Texas: Jim Swart (Entomologist (IPM), Texas AgriLife Extension 29-Mar-2012: The wheat crop is maturing rapidly under these warmer than normal growing conditions. The earliest maturing varieties are flowering (Feekes 10.5.1), and the later varieties are midway between full flag leaf emergence (Feekes 9) and the boot stage (Feekes 10). In my almost 30 years working in this region, this is the best overall wheat crop I have seen. At this writing, the long term weather forecast does not predict temperatures to dip much below 50° F, so the threat of a late freeze is rapidly diminishing.
        
Stripe rust has been widespread in our susceptible Patton SRWW fungicide block, but infection has been low in most commercial varieties. The only commercial variety that is quite susceptible to this disease is Terral 8558. Most of the growers that plant this variety have already sprayed their wheat with tebuconazole, so they are well ahead of the infection. The tebuconazole treatment will provide 35 days of leaf protection from this pest, sufficient time for the plant to complete the grain filling process.
        
The only leaf rust infection observed so far is in Jackpot HRWW. Active pustules were found on the lower leaves in our research plots two days ago.



Kansas: Dr. Erick De Wolf (Wheat Extension Pathologist, Kansas State University): 29-Mar-2012: The wheat crop in Kansas ranges between the jointing to boot stage of growth. I suspect some wheat in Southeast Kansas is already be heading. This is 2 or 3 weeks ahead of normal crop development.
        
Just a quick update on the stripe rust situation in KS. Stripe rust was also found in research plots near Manhattan, KS (Northeast, KS) today (3/29/12). The variety for this find is 2137, which is known to be MS-S to stripe rust. Growth stage was flag leaf emergence. Stripe rust was observed in Sedgwick County (South Central, KS) yesterday (March 28). Gary Cramer, Extension Agent for Kansas State University, reported the find. Gary indicates that low levels of stripe rust in the mid canopy of a production field west of Wichita. The wheat in this field was near flag leaf emergence at the time stripe rust was detected. The grower indicated that this field was planted with the variety "Everest". Everest was considered moderately resistant to stripe rust in 2010 when KS experienced a severe epidemic.   My discussion with Bob Bowden, USDA wheat rust specialist here in Manhattan, suggests that Everest often develops some symptoms of stripe rust but the reaction type has been moderately resistant in previous years. I will do additional scouting and checking for infections this next week.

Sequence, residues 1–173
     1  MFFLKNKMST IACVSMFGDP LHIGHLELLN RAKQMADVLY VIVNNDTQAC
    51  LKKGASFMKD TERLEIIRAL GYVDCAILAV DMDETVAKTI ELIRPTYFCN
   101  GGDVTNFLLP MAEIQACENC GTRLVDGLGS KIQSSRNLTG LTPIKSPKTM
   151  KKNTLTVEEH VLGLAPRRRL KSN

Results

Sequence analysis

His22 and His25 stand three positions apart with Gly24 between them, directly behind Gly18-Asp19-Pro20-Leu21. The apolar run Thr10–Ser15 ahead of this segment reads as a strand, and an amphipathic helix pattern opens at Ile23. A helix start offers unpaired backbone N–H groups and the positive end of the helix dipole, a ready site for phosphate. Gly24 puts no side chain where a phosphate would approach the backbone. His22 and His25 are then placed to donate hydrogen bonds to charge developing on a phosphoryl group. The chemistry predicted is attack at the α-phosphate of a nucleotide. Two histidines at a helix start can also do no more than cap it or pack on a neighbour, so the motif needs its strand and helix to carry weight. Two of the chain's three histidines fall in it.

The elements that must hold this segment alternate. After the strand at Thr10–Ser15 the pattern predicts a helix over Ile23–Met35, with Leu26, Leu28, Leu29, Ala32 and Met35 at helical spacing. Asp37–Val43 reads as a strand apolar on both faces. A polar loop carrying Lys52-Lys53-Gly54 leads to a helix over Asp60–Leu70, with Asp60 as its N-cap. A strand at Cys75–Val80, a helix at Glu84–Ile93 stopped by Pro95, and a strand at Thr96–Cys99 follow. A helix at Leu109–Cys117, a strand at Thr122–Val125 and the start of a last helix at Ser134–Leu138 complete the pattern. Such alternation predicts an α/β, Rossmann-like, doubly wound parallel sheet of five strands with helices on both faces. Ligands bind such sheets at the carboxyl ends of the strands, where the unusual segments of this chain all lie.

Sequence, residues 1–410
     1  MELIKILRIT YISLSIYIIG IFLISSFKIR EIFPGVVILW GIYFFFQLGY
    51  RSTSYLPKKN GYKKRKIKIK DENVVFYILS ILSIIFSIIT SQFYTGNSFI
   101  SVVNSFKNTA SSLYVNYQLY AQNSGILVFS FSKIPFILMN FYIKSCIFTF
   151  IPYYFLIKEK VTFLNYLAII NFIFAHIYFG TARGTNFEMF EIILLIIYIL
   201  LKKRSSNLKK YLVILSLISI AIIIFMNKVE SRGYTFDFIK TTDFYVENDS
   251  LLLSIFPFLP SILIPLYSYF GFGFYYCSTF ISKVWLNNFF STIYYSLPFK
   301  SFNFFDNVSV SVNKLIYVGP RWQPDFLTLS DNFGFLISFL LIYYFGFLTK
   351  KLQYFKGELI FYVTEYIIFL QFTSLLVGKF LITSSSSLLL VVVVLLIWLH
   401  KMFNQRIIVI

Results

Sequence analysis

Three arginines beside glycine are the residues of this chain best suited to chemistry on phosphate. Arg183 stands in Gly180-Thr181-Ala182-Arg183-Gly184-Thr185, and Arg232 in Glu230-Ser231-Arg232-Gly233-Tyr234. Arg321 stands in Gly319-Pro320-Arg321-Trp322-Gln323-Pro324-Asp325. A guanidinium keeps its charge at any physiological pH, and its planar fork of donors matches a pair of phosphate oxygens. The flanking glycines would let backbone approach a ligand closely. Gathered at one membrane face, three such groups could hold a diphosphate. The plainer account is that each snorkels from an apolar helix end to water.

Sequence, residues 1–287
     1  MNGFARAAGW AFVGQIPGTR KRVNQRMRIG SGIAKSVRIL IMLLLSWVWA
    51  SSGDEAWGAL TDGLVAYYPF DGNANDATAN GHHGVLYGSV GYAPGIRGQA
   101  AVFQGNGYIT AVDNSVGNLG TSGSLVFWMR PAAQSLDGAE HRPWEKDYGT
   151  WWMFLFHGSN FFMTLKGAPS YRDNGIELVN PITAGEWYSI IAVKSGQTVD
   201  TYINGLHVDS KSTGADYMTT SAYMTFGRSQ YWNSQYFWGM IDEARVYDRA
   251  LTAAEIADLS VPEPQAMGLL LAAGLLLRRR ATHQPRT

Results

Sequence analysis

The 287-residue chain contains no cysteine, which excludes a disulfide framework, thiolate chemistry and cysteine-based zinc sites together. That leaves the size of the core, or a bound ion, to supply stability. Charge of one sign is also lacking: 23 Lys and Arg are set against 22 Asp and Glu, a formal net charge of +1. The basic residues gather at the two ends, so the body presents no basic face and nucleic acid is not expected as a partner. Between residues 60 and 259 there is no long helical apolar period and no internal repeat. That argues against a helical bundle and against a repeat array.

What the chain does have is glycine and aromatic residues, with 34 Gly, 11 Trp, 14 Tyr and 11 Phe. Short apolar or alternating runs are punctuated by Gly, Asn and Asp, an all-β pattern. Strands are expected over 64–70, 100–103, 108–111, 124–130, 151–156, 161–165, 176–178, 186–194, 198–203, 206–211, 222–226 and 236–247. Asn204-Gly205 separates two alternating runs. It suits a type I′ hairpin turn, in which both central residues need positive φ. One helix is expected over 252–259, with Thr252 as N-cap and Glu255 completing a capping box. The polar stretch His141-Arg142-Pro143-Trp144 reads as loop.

Leaf rust was detected in research plots near Manhattan (Northeast, KS) today (March 29th). The incidence of leaf rust was very low (<1%) in these plots. The wheat in this field was at flag leaf emergence and leaf rust was found in the mid-canopy. The infection was on an older variety "2137" that is known to be susceptible to leaf rust. No reports of stem rust to date in Kansas.
        
Severe tan spot was reported in Riley county( Northeast, KS), and powdery mildew continues to increase in many areas.
        
Aphids are present at considerable numbers in Southeast Kansas and have also been observed near Manhattan.




Arkansas: Dr. Gene Milus (Professor/Wheat Pathologist, University of Arkansas) 29-Mar-2012: Among lines in the Arkansas variety test, growth stages range from flag leaf emerged to flowering complete at Stuttgart and Marianna and flag leaf emerging to early flowering at Keiser. Most lines are at boot stage.
        
Stripe rust has slowed considerable on contemporary varieties listed as susceptible. However, compared to Croplan Genetics 514W (~90% severity and susceptible infection type Newport), all contemporary varieties have a useful level of resistance. Reactions at Newport confirmed that this year’s stripe rust is avirulent on Yr17.
       
Septoria and Stagonospora leaf blotches are moving up on some varieties at most locations. A trace of leaf rust and BYD was found here and there.